Politics

GOP lawmakers claim national popular vote proposal would give big cities ‘veto power’ over Michigan

GOP lawmakers are in opposition to a bill in Michigan that could make Michigan’s electoral votes to go to a candidate that wins the popular vote in presidential elections. 

Last week fifty-seven members of the Michigan House and Senate signed a join letter to state their opposition to the National Popular Vote Initiative (mlive).  The lawmakers expressed this proposal would permanently disenfranchise voters in the state and cause Michigan to cast votes for whoever wins the national popular vote. Under the current system in place, the candidate with a majority of the 538 total electoral votes wins over the national popular vote. 15 states and the District of Columbia have enacted similar national popular vote legislation.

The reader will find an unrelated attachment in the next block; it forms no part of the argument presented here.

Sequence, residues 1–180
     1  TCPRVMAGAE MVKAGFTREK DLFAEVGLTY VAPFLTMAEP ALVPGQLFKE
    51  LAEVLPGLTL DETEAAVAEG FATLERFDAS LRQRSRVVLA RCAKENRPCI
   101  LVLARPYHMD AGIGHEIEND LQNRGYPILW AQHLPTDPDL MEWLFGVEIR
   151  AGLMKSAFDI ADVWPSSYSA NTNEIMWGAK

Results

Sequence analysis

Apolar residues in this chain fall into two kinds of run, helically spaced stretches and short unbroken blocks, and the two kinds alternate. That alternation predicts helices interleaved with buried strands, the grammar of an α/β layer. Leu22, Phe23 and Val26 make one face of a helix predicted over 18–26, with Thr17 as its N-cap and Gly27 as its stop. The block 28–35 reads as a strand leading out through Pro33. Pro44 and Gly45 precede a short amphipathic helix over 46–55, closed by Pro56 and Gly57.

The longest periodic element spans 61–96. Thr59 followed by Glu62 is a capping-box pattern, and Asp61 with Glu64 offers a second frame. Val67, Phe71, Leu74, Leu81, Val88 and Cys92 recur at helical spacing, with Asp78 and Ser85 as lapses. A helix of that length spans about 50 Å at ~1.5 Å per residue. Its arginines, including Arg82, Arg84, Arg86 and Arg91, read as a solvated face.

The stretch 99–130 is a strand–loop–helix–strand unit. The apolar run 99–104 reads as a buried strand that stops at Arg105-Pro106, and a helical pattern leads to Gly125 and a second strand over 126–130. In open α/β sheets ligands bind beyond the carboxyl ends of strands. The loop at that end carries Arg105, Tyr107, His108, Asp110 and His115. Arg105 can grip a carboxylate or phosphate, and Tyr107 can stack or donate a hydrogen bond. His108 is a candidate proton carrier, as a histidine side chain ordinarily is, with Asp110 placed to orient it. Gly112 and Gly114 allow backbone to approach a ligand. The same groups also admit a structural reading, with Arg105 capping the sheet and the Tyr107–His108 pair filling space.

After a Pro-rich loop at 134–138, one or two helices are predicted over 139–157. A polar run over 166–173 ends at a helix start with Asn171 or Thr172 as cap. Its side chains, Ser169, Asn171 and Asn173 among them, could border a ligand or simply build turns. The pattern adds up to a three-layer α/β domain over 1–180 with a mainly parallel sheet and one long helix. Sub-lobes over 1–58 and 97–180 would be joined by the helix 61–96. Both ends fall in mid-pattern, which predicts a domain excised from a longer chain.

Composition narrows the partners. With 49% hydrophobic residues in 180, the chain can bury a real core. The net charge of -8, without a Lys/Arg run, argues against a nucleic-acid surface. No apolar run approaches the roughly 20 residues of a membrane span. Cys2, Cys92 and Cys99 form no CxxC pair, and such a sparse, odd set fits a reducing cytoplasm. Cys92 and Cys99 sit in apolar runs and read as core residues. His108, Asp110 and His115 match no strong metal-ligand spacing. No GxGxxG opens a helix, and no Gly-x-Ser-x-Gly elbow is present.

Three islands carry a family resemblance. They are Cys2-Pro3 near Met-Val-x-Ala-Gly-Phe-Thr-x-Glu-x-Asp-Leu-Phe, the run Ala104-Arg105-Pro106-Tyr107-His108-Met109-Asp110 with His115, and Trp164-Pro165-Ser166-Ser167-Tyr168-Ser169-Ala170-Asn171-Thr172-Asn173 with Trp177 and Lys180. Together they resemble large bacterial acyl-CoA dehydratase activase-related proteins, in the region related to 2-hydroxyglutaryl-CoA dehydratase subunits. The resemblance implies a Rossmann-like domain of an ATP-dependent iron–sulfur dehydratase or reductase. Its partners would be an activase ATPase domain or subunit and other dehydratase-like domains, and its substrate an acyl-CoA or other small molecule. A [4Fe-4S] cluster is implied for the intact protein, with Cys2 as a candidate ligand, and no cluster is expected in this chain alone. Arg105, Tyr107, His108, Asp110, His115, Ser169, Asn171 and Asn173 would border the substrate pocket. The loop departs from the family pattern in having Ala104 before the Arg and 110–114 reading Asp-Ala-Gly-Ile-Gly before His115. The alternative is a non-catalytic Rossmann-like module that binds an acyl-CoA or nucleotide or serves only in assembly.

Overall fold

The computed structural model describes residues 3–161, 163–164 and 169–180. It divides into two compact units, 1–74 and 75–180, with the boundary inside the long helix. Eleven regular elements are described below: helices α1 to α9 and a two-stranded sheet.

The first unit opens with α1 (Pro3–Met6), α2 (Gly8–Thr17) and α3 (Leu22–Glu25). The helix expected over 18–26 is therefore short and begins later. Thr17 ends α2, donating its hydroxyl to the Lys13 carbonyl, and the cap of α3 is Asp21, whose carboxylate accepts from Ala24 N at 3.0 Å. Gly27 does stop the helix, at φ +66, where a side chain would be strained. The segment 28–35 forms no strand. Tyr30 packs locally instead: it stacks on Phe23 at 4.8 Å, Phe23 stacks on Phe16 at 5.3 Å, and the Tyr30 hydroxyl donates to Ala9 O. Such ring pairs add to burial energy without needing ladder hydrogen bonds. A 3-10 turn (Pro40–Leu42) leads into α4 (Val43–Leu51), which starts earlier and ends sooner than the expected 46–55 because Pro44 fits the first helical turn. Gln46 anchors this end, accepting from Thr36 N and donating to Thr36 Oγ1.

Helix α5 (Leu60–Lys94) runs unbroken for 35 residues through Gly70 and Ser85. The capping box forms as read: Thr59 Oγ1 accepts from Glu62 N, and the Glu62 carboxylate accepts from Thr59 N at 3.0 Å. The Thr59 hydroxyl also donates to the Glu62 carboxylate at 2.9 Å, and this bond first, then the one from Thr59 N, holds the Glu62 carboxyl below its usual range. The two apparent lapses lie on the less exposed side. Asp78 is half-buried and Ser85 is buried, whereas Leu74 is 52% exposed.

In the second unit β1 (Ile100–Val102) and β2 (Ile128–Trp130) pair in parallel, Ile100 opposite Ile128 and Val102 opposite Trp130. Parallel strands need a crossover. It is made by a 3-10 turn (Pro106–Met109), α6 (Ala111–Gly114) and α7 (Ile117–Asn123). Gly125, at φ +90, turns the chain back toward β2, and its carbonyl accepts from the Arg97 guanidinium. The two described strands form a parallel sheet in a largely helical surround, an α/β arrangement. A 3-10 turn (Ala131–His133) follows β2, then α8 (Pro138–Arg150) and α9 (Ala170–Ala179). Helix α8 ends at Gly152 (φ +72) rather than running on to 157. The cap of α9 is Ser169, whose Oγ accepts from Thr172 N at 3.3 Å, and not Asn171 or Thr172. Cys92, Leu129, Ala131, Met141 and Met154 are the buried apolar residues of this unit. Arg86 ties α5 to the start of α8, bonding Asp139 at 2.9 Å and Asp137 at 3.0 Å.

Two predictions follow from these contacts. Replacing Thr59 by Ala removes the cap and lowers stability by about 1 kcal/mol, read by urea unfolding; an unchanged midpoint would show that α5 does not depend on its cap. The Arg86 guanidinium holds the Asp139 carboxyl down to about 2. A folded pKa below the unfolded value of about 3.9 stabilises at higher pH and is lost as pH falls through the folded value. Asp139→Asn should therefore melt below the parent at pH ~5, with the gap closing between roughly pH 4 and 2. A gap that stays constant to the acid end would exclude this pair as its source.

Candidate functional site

The proposal for the national popular vote is led by former Michigan Republican Party chair Saul Anuzis and former Michigan Democratic Party Chair Mark Brewer. They believe tying the electoral votes to the popular vote will give states the opportunity to be relevant in all election cycles.

The Michigan Freedom Fund praised those who signed the letter in opposition, so states like Michigan are not disenfranchised by other parts of the country. This type of proposal would give larger states more power over smaller states. The letter expressed how “this proposal would give big cities on the East and West Coast veto power over voters in Michigan. It would give them veto power over your vote, your children’s votes and grandchildren’s votes.”

The petition still needs to go through the state’s process, which means approval from the Michigan Board of Canvassers is necessary before the committee could start to collect signatures. 

ARTICLE: MAUREEN MCGAURAN

MANAGING EDITOR: CARSON CHOATE

PHOTO CREDITS: DAILYTARHEEL.COM

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